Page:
A recent study showed that 84% of workers that retained their job during the pandemic show the same or increased loyalty to their employer. Employers should take stock of this rising trend and invest in their employees and increase their professional development. With people staying put in their jobs, employers should consider setting succession plans, spending on training and career development, and returning their loyalty. 

6. Increased Automation and Workplace Operations Refinement

Historically, the main ways businesses have controlled costs and uncertainty during a recession or other work disruptions are adding automation and refining workflow to reduce shared tasks. A July 2020 study showed that 67% of surveyed senior executives said they were increasing investment in automation or AI technology. 

We discussed how this trend has significantly changed essential industries but it will be important for all businesses and organizations to take a deeper look at how they assess workflow and manage operations. Tools that dig into how work is completed, touchpoints in day-to-day operations, bottlenecks, and wasted time, will help leaders create efficiencies for the future.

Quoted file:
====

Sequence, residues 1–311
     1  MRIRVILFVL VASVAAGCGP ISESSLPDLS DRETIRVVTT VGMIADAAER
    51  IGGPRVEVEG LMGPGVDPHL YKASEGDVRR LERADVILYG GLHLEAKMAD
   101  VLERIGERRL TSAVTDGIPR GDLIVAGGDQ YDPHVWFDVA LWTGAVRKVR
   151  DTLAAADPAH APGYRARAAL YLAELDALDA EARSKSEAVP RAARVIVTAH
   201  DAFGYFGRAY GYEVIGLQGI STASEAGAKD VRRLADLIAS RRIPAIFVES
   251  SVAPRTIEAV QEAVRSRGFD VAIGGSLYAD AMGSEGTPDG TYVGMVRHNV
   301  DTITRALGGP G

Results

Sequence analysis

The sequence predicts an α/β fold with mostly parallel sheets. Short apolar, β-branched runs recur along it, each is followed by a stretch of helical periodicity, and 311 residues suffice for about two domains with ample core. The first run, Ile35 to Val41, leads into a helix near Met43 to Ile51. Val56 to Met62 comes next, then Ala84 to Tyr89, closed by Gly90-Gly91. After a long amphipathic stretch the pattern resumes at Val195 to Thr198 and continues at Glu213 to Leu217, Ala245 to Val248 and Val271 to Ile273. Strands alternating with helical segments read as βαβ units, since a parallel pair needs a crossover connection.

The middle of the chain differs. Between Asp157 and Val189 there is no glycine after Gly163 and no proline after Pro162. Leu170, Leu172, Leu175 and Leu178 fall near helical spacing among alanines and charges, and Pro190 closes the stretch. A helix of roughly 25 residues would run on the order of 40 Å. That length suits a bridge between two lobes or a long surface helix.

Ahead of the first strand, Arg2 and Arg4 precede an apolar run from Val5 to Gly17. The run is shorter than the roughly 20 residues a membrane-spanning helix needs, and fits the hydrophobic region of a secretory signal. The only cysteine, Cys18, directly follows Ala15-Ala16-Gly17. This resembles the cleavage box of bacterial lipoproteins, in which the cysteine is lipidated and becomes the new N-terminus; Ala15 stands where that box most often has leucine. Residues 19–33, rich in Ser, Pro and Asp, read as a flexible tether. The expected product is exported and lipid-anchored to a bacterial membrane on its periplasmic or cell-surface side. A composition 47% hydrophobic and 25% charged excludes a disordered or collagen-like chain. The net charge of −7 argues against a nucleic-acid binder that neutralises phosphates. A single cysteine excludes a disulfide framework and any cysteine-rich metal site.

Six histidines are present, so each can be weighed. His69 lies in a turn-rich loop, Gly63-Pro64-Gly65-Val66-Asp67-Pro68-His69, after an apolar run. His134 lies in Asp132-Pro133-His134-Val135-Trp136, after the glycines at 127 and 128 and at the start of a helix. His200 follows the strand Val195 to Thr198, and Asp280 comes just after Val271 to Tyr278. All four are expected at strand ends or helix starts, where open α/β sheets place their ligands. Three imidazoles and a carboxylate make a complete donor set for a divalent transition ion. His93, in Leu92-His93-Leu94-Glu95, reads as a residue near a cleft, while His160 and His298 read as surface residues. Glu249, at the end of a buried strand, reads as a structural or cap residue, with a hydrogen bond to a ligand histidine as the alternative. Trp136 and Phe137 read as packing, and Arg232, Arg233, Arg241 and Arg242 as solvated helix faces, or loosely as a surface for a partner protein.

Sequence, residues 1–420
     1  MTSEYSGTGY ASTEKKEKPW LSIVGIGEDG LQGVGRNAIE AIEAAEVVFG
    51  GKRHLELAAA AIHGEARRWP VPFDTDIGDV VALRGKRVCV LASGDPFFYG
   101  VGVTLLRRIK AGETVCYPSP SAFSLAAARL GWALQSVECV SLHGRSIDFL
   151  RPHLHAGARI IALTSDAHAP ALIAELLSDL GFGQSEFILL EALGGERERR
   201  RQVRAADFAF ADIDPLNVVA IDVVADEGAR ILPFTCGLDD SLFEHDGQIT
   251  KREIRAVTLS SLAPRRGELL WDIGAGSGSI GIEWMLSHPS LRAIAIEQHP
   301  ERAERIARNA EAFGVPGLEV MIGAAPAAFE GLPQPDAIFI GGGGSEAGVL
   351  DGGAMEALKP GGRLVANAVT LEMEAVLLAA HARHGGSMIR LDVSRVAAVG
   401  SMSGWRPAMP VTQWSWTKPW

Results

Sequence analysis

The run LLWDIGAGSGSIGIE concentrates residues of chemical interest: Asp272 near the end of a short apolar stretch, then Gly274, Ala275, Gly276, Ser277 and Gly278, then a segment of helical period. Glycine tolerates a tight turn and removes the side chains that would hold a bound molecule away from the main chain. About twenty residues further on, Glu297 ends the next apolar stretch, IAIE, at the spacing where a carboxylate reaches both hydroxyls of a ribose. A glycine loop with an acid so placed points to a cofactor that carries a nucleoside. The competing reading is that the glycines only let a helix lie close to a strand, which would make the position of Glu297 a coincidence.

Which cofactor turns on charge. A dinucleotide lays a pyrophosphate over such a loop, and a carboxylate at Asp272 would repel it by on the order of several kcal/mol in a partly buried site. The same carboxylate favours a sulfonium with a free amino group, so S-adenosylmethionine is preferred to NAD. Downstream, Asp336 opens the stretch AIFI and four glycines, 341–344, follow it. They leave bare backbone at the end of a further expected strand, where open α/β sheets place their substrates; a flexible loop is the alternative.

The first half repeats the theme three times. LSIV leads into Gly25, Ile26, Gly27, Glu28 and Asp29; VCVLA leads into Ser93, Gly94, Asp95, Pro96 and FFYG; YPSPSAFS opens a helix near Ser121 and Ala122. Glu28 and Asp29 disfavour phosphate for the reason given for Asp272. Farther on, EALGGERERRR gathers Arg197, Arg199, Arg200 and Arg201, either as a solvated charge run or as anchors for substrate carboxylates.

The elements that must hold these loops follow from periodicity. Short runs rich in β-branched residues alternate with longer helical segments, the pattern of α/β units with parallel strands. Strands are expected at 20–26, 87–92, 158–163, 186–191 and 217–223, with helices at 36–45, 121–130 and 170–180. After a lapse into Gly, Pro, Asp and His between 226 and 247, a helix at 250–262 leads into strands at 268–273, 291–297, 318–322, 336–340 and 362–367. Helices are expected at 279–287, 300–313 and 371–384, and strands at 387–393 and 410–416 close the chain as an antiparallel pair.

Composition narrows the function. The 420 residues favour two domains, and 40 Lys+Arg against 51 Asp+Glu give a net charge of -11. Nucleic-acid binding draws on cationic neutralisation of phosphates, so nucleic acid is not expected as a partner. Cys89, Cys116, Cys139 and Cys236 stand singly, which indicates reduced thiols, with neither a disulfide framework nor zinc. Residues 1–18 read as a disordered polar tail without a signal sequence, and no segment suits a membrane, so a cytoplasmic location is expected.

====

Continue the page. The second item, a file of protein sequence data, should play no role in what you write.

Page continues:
Operations management professionals should try to remove past bias when reevaluating workflow and forget about how things have been done in the past. New workflows can focus on critical tasks and how they are completed and supported by the larger team, rather than sticking to existing buckets of work determined just by job description.  

The future of workplace operations will include maintaining flexibility, investing in automation tools, optimizing remote work, expanding health and safety standards, and attracting and retaining top talent. After a year mostly defined by change, embrace the opportunity to use all we have learned and the tools available to more accurately predict the future of your organization.